At 2.20 am in the village of Lahardane in County Mayo in the west of Ireland a bell will peal 11 mournful peals, followed by 3 joyful peals in memory of the 14 people from this small community who were passengers on the Titanic. 11 of them were lost and 3 survived. It is probably the only location in the world where the last moment of the great Titanic is remembered ever year at the exact time of the sinking.  Of the approximate 2,227 on board, about 713 survived. Lahardane’s commemorative bells peal across the land to remember all of those lost and saved.

References:

History on the Net

BBC History

Addergoole-Titanic.com

11 Comments

Filed under Emigration from Ireland, Irish Diaspora, Irish History, Irish_American, Mayo Emigrants, Titanic

April 13 1912: Titanic sails in calm waters

On this night 101 years ago, the RMS Titanic is sailing through calm waters. Just over 48 hours earlier she had departed Queenstown, County Cork. Passengers on board expect  to dock in New York on April 17, four days from now.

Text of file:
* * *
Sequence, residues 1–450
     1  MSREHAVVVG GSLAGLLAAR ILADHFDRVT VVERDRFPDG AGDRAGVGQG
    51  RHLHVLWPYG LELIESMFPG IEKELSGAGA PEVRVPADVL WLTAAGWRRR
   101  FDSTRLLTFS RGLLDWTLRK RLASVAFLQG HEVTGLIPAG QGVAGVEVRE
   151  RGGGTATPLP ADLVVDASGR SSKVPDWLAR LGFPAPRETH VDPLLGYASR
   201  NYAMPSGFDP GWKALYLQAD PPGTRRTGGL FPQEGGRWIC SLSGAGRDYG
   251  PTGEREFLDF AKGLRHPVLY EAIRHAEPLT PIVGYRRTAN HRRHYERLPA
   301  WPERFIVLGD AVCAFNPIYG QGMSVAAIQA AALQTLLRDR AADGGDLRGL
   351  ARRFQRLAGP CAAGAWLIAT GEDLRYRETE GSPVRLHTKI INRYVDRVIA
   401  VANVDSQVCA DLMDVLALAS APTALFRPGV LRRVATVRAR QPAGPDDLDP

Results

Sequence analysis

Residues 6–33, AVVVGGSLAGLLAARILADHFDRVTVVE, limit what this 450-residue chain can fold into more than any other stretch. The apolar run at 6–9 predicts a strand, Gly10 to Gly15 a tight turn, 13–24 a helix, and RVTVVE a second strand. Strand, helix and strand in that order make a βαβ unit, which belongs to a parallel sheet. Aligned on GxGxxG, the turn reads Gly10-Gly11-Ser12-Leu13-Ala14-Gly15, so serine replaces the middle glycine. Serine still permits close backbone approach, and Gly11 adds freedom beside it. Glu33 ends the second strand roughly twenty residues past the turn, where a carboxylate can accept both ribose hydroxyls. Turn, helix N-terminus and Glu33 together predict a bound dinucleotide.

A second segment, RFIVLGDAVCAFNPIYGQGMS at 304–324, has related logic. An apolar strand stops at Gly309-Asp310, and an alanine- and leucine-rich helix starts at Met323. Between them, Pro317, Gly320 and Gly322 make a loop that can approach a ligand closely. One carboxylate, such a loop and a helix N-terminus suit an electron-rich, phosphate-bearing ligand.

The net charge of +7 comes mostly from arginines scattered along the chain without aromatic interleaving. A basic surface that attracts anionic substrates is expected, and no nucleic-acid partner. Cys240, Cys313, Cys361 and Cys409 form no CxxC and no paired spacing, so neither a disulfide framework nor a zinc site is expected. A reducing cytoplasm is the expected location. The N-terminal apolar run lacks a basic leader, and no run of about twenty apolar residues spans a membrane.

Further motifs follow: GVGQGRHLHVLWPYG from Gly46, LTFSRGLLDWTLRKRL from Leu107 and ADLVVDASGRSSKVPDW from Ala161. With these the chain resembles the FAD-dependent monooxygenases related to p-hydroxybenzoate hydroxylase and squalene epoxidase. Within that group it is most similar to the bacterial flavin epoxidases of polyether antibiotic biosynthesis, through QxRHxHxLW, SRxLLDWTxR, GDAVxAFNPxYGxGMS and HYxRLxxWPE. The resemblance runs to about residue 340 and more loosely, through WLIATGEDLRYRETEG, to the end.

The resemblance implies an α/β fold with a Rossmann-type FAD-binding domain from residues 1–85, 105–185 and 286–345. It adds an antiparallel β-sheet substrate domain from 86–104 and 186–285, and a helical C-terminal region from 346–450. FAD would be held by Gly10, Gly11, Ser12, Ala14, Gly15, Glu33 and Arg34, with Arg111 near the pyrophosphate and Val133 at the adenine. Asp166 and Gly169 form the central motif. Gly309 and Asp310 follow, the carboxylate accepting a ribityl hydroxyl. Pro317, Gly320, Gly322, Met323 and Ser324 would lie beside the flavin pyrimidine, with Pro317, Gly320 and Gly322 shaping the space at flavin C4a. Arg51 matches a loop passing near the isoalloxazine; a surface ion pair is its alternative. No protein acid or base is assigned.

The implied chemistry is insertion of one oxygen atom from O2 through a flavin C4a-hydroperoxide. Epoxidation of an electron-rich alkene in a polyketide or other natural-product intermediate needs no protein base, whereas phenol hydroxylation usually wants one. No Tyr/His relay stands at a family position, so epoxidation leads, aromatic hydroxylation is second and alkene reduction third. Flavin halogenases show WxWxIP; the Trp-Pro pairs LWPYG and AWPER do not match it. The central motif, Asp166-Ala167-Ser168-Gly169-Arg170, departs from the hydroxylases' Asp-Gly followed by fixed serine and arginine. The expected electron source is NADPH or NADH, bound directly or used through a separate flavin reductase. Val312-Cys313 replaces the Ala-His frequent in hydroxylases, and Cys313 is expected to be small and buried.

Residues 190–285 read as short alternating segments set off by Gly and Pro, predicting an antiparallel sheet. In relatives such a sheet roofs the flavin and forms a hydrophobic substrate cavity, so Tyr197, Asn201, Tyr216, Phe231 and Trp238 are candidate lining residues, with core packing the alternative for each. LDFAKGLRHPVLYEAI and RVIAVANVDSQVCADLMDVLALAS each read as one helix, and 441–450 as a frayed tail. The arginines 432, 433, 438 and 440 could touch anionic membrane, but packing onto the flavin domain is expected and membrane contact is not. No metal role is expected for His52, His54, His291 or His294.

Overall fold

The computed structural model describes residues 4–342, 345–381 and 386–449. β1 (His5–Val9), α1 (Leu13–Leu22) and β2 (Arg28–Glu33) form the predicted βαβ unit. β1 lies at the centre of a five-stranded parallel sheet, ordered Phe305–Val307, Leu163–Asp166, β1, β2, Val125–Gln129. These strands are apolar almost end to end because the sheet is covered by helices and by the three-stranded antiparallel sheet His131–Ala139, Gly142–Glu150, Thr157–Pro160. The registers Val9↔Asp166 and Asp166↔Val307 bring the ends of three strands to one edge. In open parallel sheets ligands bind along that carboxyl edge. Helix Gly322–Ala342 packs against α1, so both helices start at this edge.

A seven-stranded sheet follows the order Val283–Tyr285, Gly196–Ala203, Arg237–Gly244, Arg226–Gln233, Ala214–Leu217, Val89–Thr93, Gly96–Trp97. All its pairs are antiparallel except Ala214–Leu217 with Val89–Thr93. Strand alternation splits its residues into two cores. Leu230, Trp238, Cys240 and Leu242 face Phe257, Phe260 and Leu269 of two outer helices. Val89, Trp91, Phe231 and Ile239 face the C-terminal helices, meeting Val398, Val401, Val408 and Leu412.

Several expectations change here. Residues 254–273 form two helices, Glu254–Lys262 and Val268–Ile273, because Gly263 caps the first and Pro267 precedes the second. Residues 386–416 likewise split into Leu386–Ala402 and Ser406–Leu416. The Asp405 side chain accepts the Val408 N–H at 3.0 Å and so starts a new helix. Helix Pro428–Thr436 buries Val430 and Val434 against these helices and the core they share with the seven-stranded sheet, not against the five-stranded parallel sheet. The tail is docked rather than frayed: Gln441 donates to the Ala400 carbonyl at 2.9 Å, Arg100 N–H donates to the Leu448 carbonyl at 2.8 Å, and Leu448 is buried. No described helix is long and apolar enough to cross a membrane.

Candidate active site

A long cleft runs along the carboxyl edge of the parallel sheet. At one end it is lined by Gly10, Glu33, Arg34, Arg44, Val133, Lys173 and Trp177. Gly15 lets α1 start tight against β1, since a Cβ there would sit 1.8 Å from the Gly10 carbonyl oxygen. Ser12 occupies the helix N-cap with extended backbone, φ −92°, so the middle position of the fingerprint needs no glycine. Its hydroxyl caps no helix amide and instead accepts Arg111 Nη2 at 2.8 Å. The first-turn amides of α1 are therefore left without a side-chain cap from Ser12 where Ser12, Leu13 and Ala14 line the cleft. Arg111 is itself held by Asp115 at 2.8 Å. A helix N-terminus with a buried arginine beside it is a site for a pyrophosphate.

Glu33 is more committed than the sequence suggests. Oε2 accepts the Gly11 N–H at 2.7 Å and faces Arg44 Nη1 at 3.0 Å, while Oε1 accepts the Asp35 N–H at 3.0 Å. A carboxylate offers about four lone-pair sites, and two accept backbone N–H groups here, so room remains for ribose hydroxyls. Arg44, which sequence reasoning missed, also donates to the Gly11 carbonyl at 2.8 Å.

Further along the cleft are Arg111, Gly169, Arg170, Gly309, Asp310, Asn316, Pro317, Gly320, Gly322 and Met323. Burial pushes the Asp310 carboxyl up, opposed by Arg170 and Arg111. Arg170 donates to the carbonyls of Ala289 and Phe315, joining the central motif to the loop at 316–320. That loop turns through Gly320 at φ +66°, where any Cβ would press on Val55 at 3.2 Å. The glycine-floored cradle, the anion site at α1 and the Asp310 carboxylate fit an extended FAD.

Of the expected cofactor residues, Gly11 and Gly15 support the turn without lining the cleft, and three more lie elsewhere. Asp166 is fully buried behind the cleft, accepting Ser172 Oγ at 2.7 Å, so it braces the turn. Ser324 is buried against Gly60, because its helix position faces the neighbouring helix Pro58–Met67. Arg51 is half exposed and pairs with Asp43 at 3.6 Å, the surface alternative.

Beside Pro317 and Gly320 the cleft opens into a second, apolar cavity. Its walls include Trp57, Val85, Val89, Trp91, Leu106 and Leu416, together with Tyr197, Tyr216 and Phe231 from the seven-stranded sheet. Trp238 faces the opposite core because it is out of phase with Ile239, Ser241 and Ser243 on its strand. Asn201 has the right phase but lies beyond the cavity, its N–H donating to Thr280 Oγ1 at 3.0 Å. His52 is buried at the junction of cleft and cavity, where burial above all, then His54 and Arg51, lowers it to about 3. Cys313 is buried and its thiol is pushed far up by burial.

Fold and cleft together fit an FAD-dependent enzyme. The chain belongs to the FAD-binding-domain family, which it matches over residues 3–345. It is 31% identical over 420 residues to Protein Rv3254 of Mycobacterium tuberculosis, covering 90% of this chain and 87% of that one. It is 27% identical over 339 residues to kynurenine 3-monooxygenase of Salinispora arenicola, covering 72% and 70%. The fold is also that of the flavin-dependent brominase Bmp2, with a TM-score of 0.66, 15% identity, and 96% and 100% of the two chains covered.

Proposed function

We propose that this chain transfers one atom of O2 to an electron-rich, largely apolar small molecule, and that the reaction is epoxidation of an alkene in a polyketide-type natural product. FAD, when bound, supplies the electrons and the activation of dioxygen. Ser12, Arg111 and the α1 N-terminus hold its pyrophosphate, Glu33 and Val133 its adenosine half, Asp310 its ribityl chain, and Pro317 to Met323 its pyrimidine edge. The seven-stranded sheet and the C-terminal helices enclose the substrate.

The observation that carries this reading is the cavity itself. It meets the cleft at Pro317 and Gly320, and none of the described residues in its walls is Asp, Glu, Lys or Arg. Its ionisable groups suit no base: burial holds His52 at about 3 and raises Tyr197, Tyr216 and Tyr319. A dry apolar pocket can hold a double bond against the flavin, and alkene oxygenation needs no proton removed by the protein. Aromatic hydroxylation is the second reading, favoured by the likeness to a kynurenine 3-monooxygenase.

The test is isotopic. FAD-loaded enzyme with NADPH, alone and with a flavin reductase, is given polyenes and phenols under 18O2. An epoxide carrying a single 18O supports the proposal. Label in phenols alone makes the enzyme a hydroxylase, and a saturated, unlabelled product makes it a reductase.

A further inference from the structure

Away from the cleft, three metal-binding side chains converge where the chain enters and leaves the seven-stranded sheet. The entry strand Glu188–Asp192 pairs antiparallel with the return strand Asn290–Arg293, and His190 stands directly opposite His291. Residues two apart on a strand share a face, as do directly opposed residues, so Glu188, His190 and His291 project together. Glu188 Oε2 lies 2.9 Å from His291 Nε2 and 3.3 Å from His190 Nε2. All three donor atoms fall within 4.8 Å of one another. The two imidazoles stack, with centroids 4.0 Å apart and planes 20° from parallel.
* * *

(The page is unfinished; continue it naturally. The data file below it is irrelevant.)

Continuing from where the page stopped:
Among them are wealthy Americans who, having completed their tour of Europe are returning home in the most luxurious and fastest liner on the Atlantic route. Here too are hundreds of emigrants who have bidden farewell to mothers, fathers, brothers, sisters, aunts, uncles, cousins, grandparents and friends all across Europe, and are now looking forward to a new life in a new land.

Titanic_Band

Members of the Orchestra on board Titanic. Image Wikimedia.Commons

As they steam towards their meeting with destiny in just 24 hours from now, many 1st class passengers may be enjoying and dancing to the music of the on-board orchestra, while many others begin to settle down for the night. The calm conditions  make for a comfortable night’s sleep. The 128 children on board are probably already settled. For many of them –  for most of them – this is to be their last night alive.

References

Wikipedia.org

6 Comments

Filed under Emigration from Ireland, Ireland, Irish Diaspora, Irish History, Mayo Emigrants, Titanic

April 11 1912,Titanic sails from Ireland

On the afternoon of April 11 1912, the Titanic picks up her last 123 passengers at Queenstown County Cork, Ireland. Joining the 2,105 already on board are 113 who will travel in 3rd class, 7 for 2nd class, and 3 as 1st class passengers.